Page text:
Sydney Lee - solicitor apprentice
My initial interest in the law derived from its everyday social relevance, as it is the main influence on human and business behaviour.
I began researching the law in order to develop my understanding. The BBC radio 4 ‘Law in Action’ podcasts were probably my main resource for this, from which I developed an appreciation and enthusiasm for the constant changing and updating of the law, and the way that individual cases can have such an impact on our legal system.
I chose the solicitor route in particular because it offers endless opportunities to develop my knowledge of the law in specialised areas, which I believe would develop my abilities to my full potential.
I was made aware of this option whilst on work experience at Kennedys. I recognised that the apprenticeship route fits in well with my skills and qualities. I enjoy working under pressure, and I like to keep busy.
On top of this, I felt that it would be invaluable as a law student to gain first-hand experience within the different sectors of law.
There are a variety of websites that have details of all of the level 7 solicitor apprenticeships that are available. This was how I decided which firm I was going to apply to.
When searching for more information, the Charles Russell Speechlys website was the most useful source. The requirements were posted, along with information regarding the expected skills and qualities. I also spoke with the careers adviser at my sixth form who assisted me with interview preparation, and updating my CV.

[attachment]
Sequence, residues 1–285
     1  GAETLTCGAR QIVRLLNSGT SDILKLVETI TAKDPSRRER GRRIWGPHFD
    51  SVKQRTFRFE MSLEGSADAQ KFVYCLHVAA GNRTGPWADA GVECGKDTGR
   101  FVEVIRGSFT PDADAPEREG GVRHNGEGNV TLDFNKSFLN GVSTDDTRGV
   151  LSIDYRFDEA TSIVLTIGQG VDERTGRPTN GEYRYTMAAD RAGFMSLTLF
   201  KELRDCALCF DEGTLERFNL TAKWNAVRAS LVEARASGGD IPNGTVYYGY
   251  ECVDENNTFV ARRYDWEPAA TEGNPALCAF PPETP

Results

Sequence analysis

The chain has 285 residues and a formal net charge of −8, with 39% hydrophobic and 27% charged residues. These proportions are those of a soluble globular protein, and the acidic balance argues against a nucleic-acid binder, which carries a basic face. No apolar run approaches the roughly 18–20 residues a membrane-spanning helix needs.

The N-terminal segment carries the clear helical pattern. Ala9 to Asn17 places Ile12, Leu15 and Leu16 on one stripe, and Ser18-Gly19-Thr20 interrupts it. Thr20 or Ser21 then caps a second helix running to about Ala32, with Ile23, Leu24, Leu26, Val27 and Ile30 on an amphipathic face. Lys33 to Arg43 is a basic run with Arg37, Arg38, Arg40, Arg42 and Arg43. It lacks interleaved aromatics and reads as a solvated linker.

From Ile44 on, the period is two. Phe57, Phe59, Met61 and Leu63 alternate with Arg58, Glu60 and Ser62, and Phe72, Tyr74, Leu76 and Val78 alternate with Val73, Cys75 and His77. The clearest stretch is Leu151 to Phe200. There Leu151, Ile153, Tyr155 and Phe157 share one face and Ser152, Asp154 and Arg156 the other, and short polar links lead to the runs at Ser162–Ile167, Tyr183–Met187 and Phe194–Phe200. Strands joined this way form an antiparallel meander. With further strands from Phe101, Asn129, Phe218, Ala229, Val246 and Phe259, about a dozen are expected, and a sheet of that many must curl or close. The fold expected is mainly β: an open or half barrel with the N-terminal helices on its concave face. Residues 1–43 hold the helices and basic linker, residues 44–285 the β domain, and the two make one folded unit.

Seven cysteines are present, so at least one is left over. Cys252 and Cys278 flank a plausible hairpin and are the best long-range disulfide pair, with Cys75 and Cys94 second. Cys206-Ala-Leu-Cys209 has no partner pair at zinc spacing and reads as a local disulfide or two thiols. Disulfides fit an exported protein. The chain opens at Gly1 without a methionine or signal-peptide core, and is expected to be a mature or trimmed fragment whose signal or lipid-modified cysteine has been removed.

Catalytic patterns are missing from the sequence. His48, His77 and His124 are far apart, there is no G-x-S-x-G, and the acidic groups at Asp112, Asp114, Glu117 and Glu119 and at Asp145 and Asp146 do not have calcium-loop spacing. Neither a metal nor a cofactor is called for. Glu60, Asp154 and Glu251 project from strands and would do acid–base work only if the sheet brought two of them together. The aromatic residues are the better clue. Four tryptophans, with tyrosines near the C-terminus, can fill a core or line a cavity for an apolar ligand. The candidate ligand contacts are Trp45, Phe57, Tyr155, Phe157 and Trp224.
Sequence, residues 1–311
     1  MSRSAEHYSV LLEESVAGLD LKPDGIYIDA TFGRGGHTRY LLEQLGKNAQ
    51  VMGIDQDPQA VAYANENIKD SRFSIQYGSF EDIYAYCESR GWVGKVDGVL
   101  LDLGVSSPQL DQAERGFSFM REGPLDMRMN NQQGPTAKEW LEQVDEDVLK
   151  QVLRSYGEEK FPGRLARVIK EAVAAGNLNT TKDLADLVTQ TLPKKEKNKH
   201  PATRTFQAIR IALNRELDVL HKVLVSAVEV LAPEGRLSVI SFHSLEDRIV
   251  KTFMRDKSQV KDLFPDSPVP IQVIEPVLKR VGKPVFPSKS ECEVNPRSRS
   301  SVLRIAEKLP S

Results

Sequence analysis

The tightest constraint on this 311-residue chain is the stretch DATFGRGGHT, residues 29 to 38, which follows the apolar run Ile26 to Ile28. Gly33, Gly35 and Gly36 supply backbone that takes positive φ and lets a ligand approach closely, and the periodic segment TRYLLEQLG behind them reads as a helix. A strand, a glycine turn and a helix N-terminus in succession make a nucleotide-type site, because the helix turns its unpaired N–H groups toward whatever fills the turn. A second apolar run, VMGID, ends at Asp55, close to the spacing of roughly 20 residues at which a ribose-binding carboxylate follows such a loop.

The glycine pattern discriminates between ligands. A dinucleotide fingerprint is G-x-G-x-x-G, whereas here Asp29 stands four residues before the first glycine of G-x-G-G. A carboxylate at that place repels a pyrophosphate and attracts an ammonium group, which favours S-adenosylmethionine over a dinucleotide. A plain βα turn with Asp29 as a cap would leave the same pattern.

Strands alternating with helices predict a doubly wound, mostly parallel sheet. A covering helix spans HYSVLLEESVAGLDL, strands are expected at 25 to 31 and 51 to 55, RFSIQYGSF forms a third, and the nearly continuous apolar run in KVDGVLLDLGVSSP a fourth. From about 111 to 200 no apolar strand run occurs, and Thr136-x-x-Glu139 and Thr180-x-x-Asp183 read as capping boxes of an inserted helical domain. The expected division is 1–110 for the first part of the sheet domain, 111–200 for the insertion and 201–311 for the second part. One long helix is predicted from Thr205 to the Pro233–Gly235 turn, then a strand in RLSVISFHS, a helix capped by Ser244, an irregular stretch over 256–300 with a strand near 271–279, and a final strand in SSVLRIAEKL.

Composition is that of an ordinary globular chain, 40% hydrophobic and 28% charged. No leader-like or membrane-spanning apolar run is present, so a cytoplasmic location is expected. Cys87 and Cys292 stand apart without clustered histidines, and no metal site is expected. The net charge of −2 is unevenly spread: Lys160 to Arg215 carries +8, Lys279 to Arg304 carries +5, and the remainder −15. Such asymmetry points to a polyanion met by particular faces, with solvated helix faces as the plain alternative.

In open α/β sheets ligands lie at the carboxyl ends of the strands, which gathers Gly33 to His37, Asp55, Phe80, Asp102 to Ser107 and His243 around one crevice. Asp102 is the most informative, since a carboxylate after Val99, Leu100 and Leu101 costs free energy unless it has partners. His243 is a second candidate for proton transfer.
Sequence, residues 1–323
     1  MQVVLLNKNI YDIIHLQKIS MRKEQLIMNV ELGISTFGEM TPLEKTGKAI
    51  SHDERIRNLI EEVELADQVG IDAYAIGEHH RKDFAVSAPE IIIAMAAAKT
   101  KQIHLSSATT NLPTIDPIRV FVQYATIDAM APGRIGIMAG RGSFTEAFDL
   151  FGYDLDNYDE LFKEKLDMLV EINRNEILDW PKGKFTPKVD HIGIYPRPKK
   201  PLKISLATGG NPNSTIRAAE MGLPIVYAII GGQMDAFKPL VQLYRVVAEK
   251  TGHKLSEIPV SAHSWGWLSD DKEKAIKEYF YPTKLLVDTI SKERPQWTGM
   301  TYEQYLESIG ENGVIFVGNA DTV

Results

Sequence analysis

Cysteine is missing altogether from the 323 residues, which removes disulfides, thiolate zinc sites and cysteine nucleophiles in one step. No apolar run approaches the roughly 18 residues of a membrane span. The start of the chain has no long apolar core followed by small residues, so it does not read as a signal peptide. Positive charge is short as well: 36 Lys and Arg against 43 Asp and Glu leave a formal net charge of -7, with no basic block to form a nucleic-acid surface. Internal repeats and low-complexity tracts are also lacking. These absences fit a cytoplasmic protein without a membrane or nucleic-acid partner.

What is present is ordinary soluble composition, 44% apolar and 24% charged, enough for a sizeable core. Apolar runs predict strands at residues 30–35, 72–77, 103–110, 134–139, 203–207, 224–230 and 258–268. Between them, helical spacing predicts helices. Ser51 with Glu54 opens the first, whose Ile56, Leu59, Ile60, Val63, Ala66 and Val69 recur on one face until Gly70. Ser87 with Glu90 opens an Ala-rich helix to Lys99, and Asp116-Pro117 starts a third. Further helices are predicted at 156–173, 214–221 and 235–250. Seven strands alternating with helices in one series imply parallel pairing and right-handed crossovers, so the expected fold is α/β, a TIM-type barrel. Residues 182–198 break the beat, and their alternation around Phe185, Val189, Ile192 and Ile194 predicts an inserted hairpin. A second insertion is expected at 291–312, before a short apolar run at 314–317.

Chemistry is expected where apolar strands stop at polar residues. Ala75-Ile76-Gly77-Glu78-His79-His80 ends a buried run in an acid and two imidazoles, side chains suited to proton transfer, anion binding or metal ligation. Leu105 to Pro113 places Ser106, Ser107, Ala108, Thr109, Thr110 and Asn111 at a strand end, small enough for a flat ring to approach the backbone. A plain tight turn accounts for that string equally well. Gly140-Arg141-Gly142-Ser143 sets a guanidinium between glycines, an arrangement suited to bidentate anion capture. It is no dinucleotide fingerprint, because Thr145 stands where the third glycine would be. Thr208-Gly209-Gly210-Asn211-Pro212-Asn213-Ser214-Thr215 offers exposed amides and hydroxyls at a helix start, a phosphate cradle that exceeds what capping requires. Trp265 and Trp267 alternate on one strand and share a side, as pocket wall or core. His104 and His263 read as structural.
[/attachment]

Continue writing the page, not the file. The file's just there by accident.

I think that the assessment day was the most difficult part of the process. I have had part time jobs in the past, but I have never experienced a formal interview.
Unlike many of the other candidates, I had not been to other interviews for different firms, so I did not know what to expect. The day consisted of a group activity, followed by a one-on-one interview, and then finally a timed essay. Overall, the experience was a lot better than I had initially expected, but it was definitely difficult.
I currently work in the real estate department. My standard day consists of various tasks, including land registry forms, SDLT returns, and 1954 Act documents. I am also given the opportunity to draft and negotiate documents such as a lease, license or a tenancy at will. I also enjoy the corporate social responsibility initiatives in the firm.
Most recently, I performed in a pantomime to raise money for charity, which was organised and performed completely by members of the firm. Following the day of work, I usually attempt to do around one-to-two hours of studying in the evening.
The university course requires 20 hours of study a week, and we are given a study day for this. This means that on top of the working week, extra time must be allocated to studying in order to ensure that you do not fall behind.
For this reason, it is essential to be motivated and determined. In terms of skills within my work, attention to detail is the most valuable skill for me. This skill is particularly developed when drafting and negotiating documents.
My main advice would be to always ask questions about the wider transaction when given a piece of work to do. It makes it more interesting and much easier to complete because you are able to picture this small task within the wider context.
Do not be afraid to ask questions - everyone at the firm is aware that you are only just starting out in the legal industry, with potentially no prior experience. It is important to utilize the people around you in order to learn as much as you can from them. It is also essential to stay on top of the studying aspect.